A well-known Euro-American symbol of luck is that of the horseshoe. It is often associated with the properties to protect an individual from evil, and is known to keep the devil away from the house that has a horseshoe on the doorway. A horseshoe pointing upwards stores good luck inside forever. However, there are a few who believe that hanging it upside down allows all of the good luck, protective powers and good fortune to shower upon you and your house.
 
Read more at Buzzle: The Horseshoe
 

In response to The Daily Post’s weekly photo challenge: “Symbol”

Weekly Photo Challenge || Symbol

Weekly Photo Challenge || Symbol


             Olive Tree

photography by : vocabulary | in | chunks
The Olive Tree has a long history of symbolism, and there are a number of representations which an olive tree is linked to. It acts as a symbol for reward, victory, strength, purification, fruitfulness, and peace. In Greek mythology, the tree was considered sacred, and it was believed that the tree was formed from the quarrel between Athene, the Greek Goddess of Wisdom, and Poseidon, the God of Sea and Earthquake.
Read more at Buzzle: The Olive Tree

In response to The Daily Post’s weekly photo challenge: “Symbol”

Weekly Photo Challenge || Door

Weekly Photo Challenge || Door

Door 3            

photography by : vocabulary | in | chunks
“Door” Idioms and Proverbs 

A golden key can open any door

Prov. Sufficient money can accomplish anything.  Jill:  I’m amazed that Sally got into a good university;  her grades were so poor.   Jane: Well, she comes from a wealthy family, and a golden key can open any door.

When one door shuts, another opens

Prov. When you lose one opportunity, you often find a different one.   Jane: I just found out I’m failing two classes. I’ll never get intocollege with grades like this. Jill:   Well, maybe you’ll find something better than college.   When one door shuts, another opens.

Behind closed doors

in secret; away from observers, reporters, or intruders, usually in a closed room.  They held the meeting behind closed doors, as the law allowed.  Every important issue was decided behind closed doors.
 
(source : thefreedictionary.com)

In response to The Daily Post’s weekly photo challenge: “Doors”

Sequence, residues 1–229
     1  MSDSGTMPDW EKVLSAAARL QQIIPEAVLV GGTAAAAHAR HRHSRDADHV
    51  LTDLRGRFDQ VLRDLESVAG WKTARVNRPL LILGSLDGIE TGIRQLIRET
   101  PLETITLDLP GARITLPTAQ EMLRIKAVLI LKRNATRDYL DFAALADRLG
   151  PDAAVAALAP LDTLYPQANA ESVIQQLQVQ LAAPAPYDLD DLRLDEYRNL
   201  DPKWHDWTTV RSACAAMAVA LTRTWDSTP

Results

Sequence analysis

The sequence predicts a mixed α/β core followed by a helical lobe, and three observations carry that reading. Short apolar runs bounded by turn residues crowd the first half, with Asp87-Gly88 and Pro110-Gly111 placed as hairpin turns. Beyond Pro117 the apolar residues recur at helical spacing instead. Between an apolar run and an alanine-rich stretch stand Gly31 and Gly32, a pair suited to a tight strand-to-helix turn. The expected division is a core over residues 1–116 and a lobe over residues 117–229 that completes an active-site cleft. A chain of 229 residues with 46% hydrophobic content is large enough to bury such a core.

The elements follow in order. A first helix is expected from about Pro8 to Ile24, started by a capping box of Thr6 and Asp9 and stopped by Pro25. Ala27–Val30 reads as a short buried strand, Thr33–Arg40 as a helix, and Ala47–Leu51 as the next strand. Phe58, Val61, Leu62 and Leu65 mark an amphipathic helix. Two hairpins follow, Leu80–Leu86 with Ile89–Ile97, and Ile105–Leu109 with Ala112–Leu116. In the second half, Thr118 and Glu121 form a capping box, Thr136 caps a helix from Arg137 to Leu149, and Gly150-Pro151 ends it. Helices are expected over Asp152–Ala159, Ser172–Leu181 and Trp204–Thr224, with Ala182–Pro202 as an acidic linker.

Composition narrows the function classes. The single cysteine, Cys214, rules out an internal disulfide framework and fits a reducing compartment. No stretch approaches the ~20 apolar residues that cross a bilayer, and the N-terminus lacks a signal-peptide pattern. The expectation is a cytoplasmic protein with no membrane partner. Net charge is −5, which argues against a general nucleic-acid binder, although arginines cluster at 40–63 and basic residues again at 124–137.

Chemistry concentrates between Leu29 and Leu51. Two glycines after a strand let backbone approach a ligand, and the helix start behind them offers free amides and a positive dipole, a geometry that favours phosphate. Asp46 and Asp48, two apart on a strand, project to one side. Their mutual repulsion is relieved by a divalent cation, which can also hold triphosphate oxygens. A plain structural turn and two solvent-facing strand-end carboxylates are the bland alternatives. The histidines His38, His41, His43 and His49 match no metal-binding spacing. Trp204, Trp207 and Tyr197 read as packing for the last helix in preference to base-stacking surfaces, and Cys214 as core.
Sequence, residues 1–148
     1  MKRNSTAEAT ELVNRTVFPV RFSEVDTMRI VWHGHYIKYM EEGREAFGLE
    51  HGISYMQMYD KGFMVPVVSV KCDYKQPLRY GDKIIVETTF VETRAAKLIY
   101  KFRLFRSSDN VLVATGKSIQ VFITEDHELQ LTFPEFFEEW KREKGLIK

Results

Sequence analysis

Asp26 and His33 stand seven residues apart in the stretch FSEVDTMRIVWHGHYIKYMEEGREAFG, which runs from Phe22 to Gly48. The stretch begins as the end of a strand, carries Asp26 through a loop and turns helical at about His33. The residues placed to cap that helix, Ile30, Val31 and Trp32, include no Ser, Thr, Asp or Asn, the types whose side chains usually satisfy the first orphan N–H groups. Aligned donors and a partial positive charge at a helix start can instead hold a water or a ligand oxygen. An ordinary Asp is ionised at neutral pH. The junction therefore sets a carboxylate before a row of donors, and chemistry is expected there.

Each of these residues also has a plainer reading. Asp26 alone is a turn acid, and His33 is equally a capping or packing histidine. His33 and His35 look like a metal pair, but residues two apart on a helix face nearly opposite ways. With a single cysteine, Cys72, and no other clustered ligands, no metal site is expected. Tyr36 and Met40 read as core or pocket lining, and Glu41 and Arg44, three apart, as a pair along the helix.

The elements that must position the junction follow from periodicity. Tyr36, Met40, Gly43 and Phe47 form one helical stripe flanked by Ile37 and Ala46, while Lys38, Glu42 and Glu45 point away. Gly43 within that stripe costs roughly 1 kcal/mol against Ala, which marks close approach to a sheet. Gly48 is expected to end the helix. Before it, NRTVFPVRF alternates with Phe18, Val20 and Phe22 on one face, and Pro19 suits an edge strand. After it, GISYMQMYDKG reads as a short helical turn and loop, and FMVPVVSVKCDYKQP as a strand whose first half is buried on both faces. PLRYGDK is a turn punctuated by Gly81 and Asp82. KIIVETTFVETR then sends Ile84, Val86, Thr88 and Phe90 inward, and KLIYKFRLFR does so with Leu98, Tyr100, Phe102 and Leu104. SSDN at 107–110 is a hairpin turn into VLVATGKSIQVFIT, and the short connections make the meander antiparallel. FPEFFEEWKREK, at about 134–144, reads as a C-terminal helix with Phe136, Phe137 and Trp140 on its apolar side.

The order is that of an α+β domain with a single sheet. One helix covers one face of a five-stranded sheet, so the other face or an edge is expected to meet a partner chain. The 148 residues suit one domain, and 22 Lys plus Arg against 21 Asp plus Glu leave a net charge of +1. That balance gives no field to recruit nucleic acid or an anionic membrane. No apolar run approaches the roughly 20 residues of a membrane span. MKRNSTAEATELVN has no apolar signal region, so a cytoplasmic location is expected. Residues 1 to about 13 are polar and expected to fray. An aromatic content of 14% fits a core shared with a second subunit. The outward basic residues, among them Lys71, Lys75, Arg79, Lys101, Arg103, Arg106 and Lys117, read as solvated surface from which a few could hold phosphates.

Quote

Weekly Photo Challenge || Door

Door1             Door 2

photography by : vocabulary | in | chunks
Some interesting facts about doors :
 

  • Archeologists discovered what may be Europe’s oldest door while excavating a site in Zürich, Switzerland. Tree ring dating of the wood used to make the door puts its age at roughly 5,100 years old.
  • The largest doors in the world are purported to be the entrances to NASA’s Vehicle Assembly Building at Kennedy Space Center. These doors are 456 feet (or 45 stories) tall and take 45 minutes to open or close.
  • Most deadbolts found on commercial and residential doors are pin tumbler locks. It’s thought that the Egyptians invented an early prototype of the modern pin tumbler about 4,000 years ago. However it didn’t catch on until locksmith Linus Yale, Jr. patented one that operated with a small, flat key in 1861.
  • Hero of Alexandria is credited with designing one of the earliest automatic doors, in the first century AD. The system of counterbalanced, steam-powered weights opened the temple doors when priests made burnt offerings at the alter.
(source : national geographic channel)

In response to The Daily Post’s weekly photo challenge: “Doors”

Weekly Photo Challenge || All the colours of the rainbow

Weekly Photo Challenge || All the colours of the rainbow

ROY-G-BIV

photography by : vocabulary | in | chunks
RAINBOW :
An arc of spectral colors, usually identified as red, orange, yellow, green, blue, indigo, and violet, that appears in the sky opposite the sun as a result of the refractive dispersion of sunlight in drops of rain or mist.
 [Middle English, from Old English rēnboga : rēn, rain + boga, bow;]
(source : thefreedictionary.com)

In response to The Daily Post’s weekly photo challenge: “ROY-G-BIV”

Weekly Photo Challenge || Vivid # 2

Weekly Photo Challenge || Vivid # 2

Vivid 2c   Vivid 2b   Vivid 2a

Vivid is an adjective that describes a bold and bright color, an intense feeling, or an image in your mind that is so clear you can almost touch it.